James Pitcairn Knowles
- Category : 1863-births
- Type : GP
- Profile : 2/4 - Hermit / Opportunist
- Definition : Single
- Incarnation Cross : RAX Service 3
Dutch-born painter, graphic artist and sculptor of Scottish descent who spent most of his life in Germany. Because he attended school and exhibited his pictures in Wiesbaden, and had the Freudenberg Castle where he was to reside built on the edge of town, he is counted among the Wiesbaden group of painters.
From 1883 Knowles studied at the Academy of Fine Arts in Munich under Carl Theodor von Piloty and Fritz von Uhde. He then attended the Weimar Art School under Leopold von Kalckreuth. All three teachers are likely to have influenced Knowles' realistic painting style, which he usually practised until the 1950s. In 1887, Knowles travelled to Paris to continue his education at the Académie Julian in the studio of Jean-Paul Laurens.
He befriended the Hungarian painter József Rippl-Ronai and around 1888 Knowles and Ronai came into contact with Les Nabis, in whose community both were accepted. Les Nabis were a group of young French artists active in Paris from 1888 until 1900, who played a large part in the transition from impressionism and academic art to abstract art, symbolism and the other early movements of modernism.
In Paris, Knowles began a relationship with 'Yvonne,' born Marie-Eugénie-Guérinet Victoria (1870-1959), a daughter of Napoleon III and a lady-in-waiting, whose godmother was Napoleon III's wife, Empress Eugénie.
He returned to Wiesbaden in 1891 but typhoid drained his strength and he did not paint for three years. In January 1895 he exhibited together with August von Heyden and Hubert von Heyden in the Salon of Fritz Gurlitt.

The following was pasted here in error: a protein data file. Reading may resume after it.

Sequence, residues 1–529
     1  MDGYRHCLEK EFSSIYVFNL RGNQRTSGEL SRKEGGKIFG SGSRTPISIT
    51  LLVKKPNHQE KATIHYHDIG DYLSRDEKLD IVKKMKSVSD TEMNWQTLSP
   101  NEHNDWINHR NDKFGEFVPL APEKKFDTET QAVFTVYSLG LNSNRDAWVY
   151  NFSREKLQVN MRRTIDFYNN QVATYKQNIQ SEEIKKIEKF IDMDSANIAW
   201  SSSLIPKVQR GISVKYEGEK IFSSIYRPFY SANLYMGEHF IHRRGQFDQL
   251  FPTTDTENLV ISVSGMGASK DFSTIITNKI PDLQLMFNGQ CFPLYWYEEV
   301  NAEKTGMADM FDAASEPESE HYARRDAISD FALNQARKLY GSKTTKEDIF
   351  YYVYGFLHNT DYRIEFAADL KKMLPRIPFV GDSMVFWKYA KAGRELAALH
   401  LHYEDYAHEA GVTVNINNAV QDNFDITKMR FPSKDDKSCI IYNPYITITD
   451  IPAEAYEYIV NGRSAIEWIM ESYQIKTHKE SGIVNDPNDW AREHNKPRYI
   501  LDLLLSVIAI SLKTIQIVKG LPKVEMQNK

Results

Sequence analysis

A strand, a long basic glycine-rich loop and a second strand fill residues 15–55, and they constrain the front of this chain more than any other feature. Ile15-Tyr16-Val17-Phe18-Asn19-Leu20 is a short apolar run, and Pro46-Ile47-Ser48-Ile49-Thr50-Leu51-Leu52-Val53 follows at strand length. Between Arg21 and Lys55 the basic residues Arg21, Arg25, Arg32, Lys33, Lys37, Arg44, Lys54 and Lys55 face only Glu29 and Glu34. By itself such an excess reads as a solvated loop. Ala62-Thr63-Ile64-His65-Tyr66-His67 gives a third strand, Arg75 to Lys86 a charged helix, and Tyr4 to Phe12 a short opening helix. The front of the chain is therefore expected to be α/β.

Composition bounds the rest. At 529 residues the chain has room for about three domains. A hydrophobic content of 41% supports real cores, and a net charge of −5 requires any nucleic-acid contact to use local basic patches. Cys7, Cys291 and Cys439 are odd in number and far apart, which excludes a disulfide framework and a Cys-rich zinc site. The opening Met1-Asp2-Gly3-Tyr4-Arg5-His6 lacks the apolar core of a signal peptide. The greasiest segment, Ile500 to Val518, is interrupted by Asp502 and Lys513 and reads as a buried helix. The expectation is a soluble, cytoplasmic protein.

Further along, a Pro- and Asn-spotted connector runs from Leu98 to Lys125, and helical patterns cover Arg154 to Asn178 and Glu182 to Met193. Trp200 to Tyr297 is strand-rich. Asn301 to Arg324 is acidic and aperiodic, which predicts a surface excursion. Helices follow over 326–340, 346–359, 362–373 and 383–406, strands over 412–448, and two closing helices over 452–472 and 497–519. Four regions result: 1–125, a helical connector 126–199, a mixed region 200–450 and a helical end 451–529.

From 1902, he led negotiations for the purchase of a site on a hill in Wiesbaden-Dotzheim overlooking the Rhine. First, Swedish carpenters built a solid log house which was completed in 1903. Knowles and Yvonne/ Marie-Eugénie-Guérinet Victoria commissioned the building of a castle, completed in autumn 1905 and named Schloss Freudenberg. The couple hosted generous parties and balls, and after they separated in 1909, the castle was sold.
In 1919, Knowles married thirty-three-year-old Louise, Princess of Solms-Braunfels (1885–1964). The couple spent the following years in the Solms Villa in Bad Homburg, and the Solms castles in Lich and Braunfels. Knowles spent the last decades of his life with his wife in Hungen Castle in the district of Gießen.
When England declared war on Nazi Germany on 3 September 1939, Knowles applied for German citizenship but this was rejected and he was placed under house arrest, with his wife.
Their confinement in the Hungener Schloss was limited to a few rooms, while the Nazi henchman Alfred Rosenberg took over the majority of the castle which was set up as a depot for art looted from Jewish citizens.
When the 3rd U.S. Armored Division appeared in the nearby forest of Hungen in early January 1945, the eighty-two-year-old Knowles ran across the fields towards the U.S. Armed Forces, with a white peace flag in one hand and the Union Jack waving over his head with the other. No shot was fired after Knowles informed the GIs that the German military and Nazi officials who managed the confiscated Jewish objects had fled Hungen. The Hungen castle thus escaped a "bombing" at the end of the Second World War due to the Scottish painter.
Pitcairn-Knowles and his wife continued to live in the Hungener Schloss after the war, which, like other castles, soon filled with refugees. When Knowles died at age 90 on 2 January 1954, seventy refugees still lived in the castle.